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Ancient Greece Alphabet Book

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Ethan Duck

on 8 March 2013

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Transcript of Ancient Greece Alphabet Book

Ancient Greece Alphabet Book Not Ancient Egypt Archimedes A is for B B is for e a u t y Archimedes was a Greek mathematician, physicist, engineer, inventor and astronomer born in 287 B.C. that lived for about 75 years. He is the man responsible for designing creative machines such as the siege engine and the screw. Archimedes was interested in why and how things worked, and if they would work the same every time. He is generally considered one of the greatest mathematicians of all time. Beauty and cosmetics were a very high priority and an important part of life for the Ancient Greek. Some of the cosmetic features included pale skin, golden locks and natural makeup. Just like nowadays, the Ancient Greek would do anything to achieve beauty. Only wealthy women wore makeup, most likely due to its expensive price. YOU ARE HERE Very Very Far Away. C is for Cartography Cartography, mapmaking, or mapping is the science and practice of making and drawing maps. Cartography was noticeably advanced in Ancient Greek; The concept of a spherical earth was common to Greek geographers at around 350 B.C. and has been used by all geographers since. Some of the knowledge we use today about cartography and geography originated in Ancient Greece. D is for Dionysus Dionysus was the god of wine, winemaking and the harvest of grapes. When people drank wine,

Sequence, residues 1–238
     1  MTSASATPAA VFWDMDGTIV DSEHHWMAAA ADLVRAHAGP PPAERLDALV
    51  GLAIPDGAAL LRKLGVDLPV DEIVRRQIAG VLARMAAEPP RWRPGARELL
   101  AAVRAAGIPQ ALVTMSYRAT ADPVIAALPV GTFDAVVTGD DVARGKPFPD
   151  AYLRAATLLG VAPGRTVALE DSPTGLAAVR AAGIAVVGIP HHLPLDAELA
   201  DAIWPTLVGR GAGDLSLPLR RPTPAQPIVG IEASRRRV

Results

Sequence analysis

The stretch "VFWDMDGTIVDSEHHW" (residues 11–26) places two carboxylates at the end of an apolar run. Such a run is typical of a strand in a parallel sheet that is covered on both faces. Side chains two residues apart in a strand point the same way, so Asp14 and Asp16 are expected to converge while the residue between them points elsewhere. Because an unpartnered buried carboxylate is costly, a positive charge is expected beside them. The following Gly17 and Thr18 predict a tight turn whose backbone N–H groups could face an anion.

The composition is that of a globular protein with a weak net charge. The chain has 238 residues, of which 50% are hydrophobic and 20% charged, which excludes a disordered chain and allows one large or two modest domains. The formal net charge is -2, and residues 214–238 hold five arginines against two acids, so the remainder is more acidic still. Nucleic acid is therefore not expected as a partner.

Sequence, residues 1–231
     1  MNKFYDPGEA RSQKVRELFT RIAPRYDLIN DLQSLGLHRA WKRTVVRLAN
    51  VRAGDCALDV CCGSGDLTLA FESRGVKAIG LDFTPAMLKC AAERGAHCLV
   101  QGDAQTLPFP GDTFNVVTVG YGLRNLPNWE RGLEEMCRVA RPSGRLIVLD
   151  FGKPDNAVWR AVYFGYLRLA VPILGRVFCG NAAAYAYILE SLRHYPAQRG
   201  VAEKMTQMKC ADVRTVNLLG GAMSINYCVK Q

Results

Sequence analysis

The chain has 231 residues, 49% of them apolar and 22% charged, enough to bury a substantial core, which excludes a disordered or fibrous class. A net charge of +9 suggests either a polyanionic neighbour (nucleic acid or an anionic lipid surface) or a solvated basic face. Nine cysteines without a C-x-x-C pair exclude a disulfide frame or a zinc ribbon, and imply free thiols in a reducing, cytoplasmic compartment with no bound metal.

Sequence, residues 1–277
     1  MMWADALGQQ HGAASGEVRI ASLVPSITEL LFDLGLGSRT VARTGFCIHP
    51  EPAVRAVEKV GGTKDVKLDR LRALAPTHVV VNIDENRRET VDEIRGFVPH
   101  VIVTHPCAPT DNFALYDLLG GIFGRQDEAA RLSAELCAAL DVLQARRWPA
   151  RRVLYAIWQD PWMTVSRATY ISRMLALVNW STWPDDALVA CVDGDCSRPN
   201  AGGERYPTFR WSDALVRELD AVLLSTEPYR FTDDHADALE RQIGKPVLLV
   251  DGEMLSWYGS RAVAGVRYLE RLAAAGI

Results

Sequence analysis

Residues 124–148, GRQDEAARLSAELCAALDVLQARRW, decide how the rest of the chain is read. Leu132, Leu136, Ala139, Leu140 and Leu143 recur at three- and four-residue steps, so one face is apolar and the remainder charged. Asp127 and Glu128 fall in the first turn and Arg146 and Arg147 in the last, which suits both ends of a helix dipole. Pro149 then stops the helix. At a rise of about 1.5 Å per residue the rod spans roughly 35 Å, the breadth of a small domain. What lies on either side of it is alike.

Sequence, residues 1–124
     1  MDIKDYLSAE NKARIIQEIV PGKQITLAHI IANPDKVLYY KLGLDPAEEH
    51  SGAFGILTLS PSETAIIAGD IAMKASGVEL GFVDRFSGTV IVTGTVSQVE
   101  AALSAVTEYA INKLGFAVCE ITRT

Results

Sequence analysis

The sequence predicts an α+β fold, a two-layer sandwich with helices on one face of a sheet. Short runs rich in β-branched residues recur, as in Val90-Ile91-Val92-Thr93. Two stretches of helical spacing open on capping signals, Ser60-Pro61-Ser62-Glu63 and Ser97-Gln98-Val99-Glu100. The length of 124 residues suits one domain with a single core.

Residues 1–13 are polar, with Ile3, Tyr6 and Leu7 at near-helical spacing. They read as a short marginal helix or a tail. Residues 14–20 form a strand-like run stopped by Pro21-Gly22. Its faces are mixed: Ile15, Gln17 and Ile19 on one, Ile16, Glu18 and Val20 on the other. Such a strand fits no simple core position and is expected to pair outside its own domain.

it was said that they were taking Dionysus into their own bodies. The Ancient Greek believed when they became slightly drunk due to the wine, Dionysus had taken over their minds and hearts. E is for Education Like beauty, education was a high priority in Ancient Greece. There were two kinds of education in Ancient Greece: Formal Formal education was provided by public schools or hired tutors. and Informal Informal education on the other hand was provided by unpaid teachers, usually privately. Education was considered more important to men than to women, so formal education was mainly for men. F is for Food Food, (like any other country) was very important to the Ancient Greek. Breakfast was made up of barley bread dipped in wine and a special type of pancake called a Tagenite. Lunch was quick and eaten around noon or early afternoon. Dinner was considered the most important meal of the day by the Ancient Greek and was normally taken at nightfall. is for G Government Any country needs a government. Though in Ancient Greece, there were many different types of government. This is because there were many different cities that had their own needs and beliefs. Ancient Greece included government systems of monarchies, oligarchies, tyrannies, and democracies. An Ancient Greek government temple. Unlike today, women, kids, foreigners and slaves normally had no power in what happened in the government. H is for Hercules Hercules is one of the most known and popular god in Ancient Greek mythology. He is known for his amazing strength, courage, masculinity and adventures. He is also son of Zeus though half man and half god. Typically, Hercules is displayed as holding an olive club as a weapon and wearing a lion's skin. (quite an interesting appearance.) I Iktinos is for Iktinos, or Ictinus was an architect who was active in the 5th century B.C. Not much is known about Iktinos at the time, but what is known is still very little. Iktinos was co-partner with Callicrates (another architect) on making the Parthenon. The Parthenon was a temple that consisted of many Pillars such as Doric on the outside, Ionic on the inside and included a Corinthian pillar. J is for Jobs Jobs and occupations were (once again, like any country) very important to Ancient Greece. Almost all jobs were for men, women had to manage the house and raise children. Jobs and trade kept the country running; without jobs, the country couldn’t operate nor could the country’s citizens survive due to not having money for food and other basic needs. K is for Knucklebones Knucklebones, among its many names, is a game played by Ancient Greek children and adults. Table of Contents Archimedes A Beauty Cartography Dionysus B C D E F G H I J K L M Education Food Government Hercules Iktinos Jobs Knucklebones Laws Mount Everest N O P Q Nike R S T U V W X Y Z Oracle Phidias Queen of Sparta Religion Streets Thucydides Urns Vegetation Weapons Xanthus Yoyo Zodiac It plays similar to many dice games we play today. the game is played with two or more of them, usually five, and played very similar to jacks. Knucklebones are usually the dried ankle bones of sheep that are used in the game. L is for Laws Before Ancient Greek law, there were no official rules or punishment for crimes like murders or robberies. By the 7th century B.C., the Ancient Greek started to pass official laws. There were three different general types of laws: Family Public Procedural laws laws laws Family laws took care of how men and women behaved and included laws on marriage, adoption and the duties of parenting. Public laws included how public services and functions worked, such as how much a man could own, what could be exported, and even restrictions on perfume. Procedural laws were basically step-by-step guidelines on how judges should use laws. M is for Mount Olympus Mount Olympus was, in Ancient Greek mythology, known was the home of the Twelve Olympian gods of Ancient Greek. The Twelve gods were: Zeus Hera Poseidon Demeter Athena Hestia Apollo Artemis Ares Aphrodite Hephaestus Hermes Mount Olympus was formed after the gods defeated the Titans in the Titan War. Soon after, the twelve gods moved into the palace. Many greek myths revolve around Mount Olympus. N is for Nike In Ancient Greek mythology, Nike was a goddess who generally signified victory. (Nike meant victory in Ancient Greece) Nike, among her many names, is also known as the Winged Goddess of Victory: she is seen with wings in most statues and paintings. Not only was she the goddess of victory, but she was the goddess of strength and speed. Nike was, depending on certain myths, daughter of Pallas (a Titan) and Styx. She and her other siblings were also close companions to Zeus. O is for Oracle During the classical era, an oracle was a specific person or organization normally thought to be a source of wise advice. Oracles can also be considered source of prophecy and divination. (or basically just predicting the future) The word oracle comes from Latin, meaning "to speak". This links to the priest or priestess speaking the prediction for the future. Phidias P is for Phidias was an Athenian sculptor that is said to have lived from about 490 to 430 B.C. Phidias is the son of Charmides and normally considered one of the greatest Ancient Greek sculptors. None of his original sculptures still exist to this day, but his recognition by Ancient Greece is confirmed by ancient writers praise and the change his sculptures had made in art history. Q is for Queen of Sparta The Queen of Sparta, Gorgo, was the only daughter and child of Cleomenes I, the king of Sparta. During the 6th and 5th centuries B.C, Gorgo was the wife of King Leonidas I, the half-brother of Cleomenes. It is said that Gorgo had helped persuaded her father against accidentally starting a spartan invasion. Gorgo is one of the few women that have been noted by Herodotus, an Ancient Greek historian. This is most likely due to her good political judgement and intelligence. R is for Religion The Ancient Greek were VERY big on religion. Religion surrounded around beliefs and rituals practiced in the form of both the popular public practices and private cult practices. Gods also played a strong role of Ancient Greek religion, many of the greek knew of the major greek gods and goddesses. Different cities often worshipped the same gods and goddesses, sometimes with added extensions to the names, such as Alexander the Great. S is for Streets Streets are one of the many technologies the Ancient Greek used to make their life easier. Streets were originally built and used to move Greek armies but later they were used for walking easily to other places and for markets selling food and goods. Streets were normally made from stone or just made from packed dirt. T is for Thucydides Thucydides was an Ancient Greek historian and Athenian general born between the years 460 and 455 B.C. Thucydides has been called the father of scientific history because of his efficient methods of evidence-gathering and examination. He is mostly known for his book “The History of the Peloponnesian War” which goes into detail on the war between Athens and Sparta in the 5th Century. Most of the information we know about him comes from his own work, not other authors of the time. Another one of his most famous entries was about the plague of Athens that occurred in 430 B.C. The date of his death raises up debate due to his entries suddenly ending in the middle of 411 B.C. U is for Urns Urns were basically tall, rounded vases that were usually used for storing the ashes of someone. These types of urns were called funeral or burial urns. In Ancient Greece, they were called lekythos. In many civilizations including Ancient Greece, after someone died, their body was burned and ashes collected to put in the urn. Burial urns were normally used for children, but occasionally for adults. Urns could also used for storage and transporting goods such as wine, grain, olive oil, water and more. These types of urns usually had two handles and were called amphora. V is for Vegetation Ancient greek is divided into sections by mountains. Therefore, trading is very difficult between sections, so the ancient greek resort to vegetation and agriculture. Vegetation was very popular among Ancient Greece, about 80% of the population was involved in agriculture. Greek vegetation and diet was very healthy. Most of the food they grew consisted of wheat and grain products such as barley and bread. They also grew olives and other fruit and vegetables. W is for Weapons Weapons and armour were usually used by the Ancient Greek to fight between hoplites. (citizen-soldiers hired from different cities) The Ancient Greek normally used a spear in one hand and a shield in the other. (Swords were strictly used just for support and not as a main weapon; spears were.) X is for Xanthus Xanthus, or Xanthos was, in Ancient Greek mythology, an amazingly immortal horse that was normally paired up with another immortal horse named Balius, as if they were twins. According to the mythology, Poseidon gave the two horses to King Peleus of Phthia as a wedding gift. When Peleus married the Ocean goddess Thetis, he gave the two horses to his son Achilles. Achilles then used the two horses to pull his chariot during the Trojan War. Y is for Yoyo Believe it or not, the yoyo, or yo-yo was invented by the Ancient Greek. This twenty-five hundred year old toy was, in Ancient Greece, made from wood, metal and terracotta. (A type of fired and hard clay) The yoyo is considered the second-oldest toy in history, the first being the doll. Like almost everything else the Ancient Greek made, the yoyo was decorated with etchings of gods and goddesses. Z is for Zodiac In Ancient Greece, The Zodiac consisted of twelve different constellations (signs, or animals) seen at night in the sky during different times of the year. Each individual animal has its own story and is associated with one of the four elements: Earth, Air, Fire and Water. The word Zodiac itself means “the circle of animals”. Animals meaning all the living creatures. The Zodiac Were: Thanks for your Attention! And that's it! (if you aren't asleep by now) Made with and a lot of Google